Paxton, M., Figdor, C., & Tiberius, V. (2012). Quantifying the gender gap: An empirical study of the underrepresentation of women in philosophy. Hypatia, 27, 949–957. (PDF)
The goal of this study is to provide purely empirical data on the gender breakdown of philosophy departments, based on surveys sent to U.S. institutions. In their findings, we see that there is a steady drop in female philosophers from intro courses to faculty positions. They also find a positive correlation between number of female faculty members and retention of female students in these departments. This is a good article to refer to if you need straight facts and data.
Danielsson, A. T. (2012). Exploring woman university physics students "doing gender" and "doing physics." Gender and Education, 24(1), 25–39. (PDF)
This exploration of gender in the field of physics tries to differentiate itself from other studies of similar topics by focusing not on the differences between male and female students but on personal interviews with female physics students that get at the nuances of the experience. This article is very personable and serves to remind the reader that the individual people and their experiences are not just vehicles for statistics.
Garmon, S. Sexual and Gender Diversity in Physics | Prettyqueer.Com. Retrieved from http://prettyqueer.com/2012/12/04/sexual-and-gender-diversity-in-physics/
This article is a personal narrative by a trans woman, describing her self-discovery while becoming a physicist. This article would be great to circulate to non-binary students that have doubts about the compatibility of their futures and their identities.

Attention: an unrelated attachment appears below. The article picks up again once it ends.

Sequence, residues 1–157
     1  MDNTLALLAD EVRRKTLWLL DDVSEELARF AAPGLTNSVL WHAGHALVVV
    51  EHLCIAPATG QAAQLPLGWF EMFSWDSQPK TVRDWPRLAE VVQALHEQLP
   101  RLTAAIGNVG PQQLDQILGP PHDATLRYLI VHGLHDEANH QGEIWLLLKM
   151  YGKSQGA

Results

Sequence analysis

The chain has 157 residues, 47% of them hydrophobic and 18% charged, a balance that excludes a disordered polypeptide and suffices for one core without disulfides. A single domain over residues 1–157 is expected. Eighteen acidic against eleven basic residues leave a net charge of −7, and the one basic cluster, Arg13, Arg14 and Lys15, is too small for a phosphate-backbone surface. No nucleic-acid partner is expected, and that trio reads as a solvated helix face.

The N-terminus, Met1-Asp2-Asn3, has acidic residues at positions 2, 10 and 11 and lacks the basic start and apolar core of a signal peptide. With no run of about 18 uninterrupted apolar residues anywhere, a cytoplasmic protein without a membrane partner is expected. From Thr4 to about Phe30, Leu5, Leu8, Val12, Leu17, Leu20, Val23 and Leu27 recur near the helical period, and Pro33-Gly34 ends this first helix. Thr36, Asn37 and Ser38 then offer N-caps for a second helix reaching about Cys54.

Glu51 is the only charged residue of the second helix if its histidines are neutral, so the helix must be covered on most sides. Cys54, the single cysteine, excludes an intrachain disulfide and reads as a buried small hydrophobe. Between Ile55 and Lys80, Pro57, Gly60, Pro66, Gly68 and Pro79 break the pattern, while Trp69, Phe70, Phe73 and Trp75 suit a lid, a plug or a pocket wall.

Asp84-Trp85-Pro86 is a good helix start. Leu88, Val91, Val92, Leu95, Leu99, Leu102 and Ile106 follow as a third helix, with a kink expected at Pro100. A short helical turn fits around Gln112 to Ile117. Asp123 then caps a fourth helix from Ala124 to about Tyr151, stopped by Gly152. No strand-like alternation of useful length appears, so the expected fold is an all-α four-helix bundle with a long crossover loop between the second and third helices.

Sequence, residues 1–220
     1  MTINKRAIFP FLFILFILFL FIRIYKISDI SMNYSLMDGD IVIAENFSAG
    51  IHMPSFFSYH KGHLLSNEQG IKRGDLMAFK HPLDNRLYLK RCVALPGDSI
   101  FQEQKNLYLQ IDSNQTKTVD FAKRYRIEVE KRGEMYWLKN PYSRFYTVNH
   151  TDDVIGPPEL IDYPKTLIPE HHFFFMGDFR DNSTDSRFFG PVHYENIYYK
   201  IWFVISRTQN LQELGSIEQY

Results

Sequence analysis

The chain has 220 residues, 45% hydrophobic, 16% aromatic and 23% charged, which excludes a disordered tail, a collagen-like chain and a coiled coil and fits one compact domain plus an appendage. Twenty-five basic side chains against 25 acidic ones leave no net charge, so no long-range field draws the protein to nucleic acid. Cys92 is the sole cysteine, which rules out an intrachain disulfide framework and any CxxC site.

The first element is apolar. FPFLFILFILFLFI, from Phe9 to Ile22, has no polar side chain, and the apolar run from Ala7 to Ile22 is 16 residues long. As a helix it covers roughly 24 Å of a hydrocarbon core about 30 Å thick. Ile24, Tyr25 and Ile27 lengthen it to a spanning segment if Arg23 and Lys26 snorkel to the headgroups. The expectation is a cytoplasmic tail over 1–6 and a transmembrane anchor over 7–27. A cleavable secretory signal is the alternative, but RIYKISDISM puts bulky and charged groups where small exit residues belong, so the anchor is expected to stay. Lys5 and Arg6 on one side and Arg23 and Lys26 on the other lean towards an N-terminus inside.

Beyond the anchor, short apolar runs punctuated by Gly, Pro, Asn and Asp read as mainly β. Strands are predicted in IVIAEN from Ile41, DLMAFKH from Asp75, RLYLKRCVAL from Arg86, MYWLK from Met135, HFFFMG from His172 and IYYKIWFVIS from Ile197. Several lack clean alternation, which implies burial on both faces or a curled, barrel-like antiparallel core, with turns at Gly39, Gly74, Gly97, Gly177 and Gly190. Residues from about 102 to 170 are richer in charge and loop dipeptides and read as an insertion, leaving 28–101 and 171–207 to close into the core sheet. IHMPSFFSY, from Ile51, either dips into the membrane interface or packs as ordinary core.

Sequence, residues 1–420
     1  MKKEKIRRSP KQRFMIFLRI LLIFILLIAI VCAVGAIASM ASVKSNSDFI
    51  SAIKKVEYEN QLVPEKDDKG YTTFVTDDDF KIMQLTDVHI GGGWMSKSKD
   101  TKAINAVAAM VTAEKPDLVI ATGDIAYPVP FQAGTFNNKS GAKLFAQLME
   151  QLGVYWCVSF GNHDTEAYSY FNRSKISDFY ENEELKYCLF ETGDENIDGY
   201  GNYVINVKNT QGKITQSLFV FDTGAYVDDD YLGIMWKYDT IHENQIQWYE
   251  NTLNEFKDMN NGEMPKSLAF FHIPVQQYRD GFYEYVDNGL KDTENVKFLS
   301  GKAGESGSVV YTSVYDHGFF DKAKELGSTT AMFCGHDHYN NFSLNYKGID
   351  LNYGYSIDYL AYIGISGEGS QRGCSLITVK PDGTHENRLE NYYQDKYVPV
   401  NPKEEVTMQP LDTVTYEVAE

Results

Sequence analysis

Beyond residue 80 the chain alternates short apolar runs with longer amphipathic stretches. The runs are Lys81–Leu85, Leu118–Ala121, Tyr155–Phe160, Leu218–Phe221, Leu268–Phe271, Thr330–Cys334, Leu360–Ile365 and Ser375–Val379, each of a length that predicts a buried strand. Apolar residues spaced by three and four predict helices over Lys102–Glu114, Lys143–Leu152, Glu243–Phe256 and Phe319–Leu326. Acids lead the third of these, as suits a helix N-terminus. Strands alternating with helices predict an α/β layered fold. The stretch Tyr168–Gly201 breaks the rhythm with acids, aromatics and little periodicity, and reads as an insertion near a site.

Götschel, H. (2014). No Space for Girliness in Physics: Understanding and Overcoming the Masculinity of Physics. Cultural Studies of Science Education, 9(2), 531–537. (PDF)
In this study, Götschel shifts attention from the struggle of women in physics to the struggle of the feminine in physics. She argues that in order to 'pass' in the world of physics, women (and feminine boys) must deny their girliness, and she argues that physics needs to work towards a greater acceptance of "the other," and not an assimilation thereof. This is a nuanced view, and recommended for all instructors.
Kirkpatrick, J. (2014, November 26). Women In Astronomy: On Planck's Law, Blackbodies and the Physics of Diversity. Retrieved from http://womeninastronomy.blogspot.com/2014/11/on-plancks-law-blackbodies-and-physics.html
This is a basic explanation, through the use of metaphor, of how intersectionality affects the experience of being a researcher and scientist. This is a good place to start if you are unfamiliar with the ideas of intersectionality and would like an explanation in understandable language.
Kreutzer, K., & Boudreaux, A. (2012). Preliminary Investigation of Instructor Effects on Gender Gap in Introductory Physics. Physical Review Special Topics - Physics Education Research, 8(1). (PDF)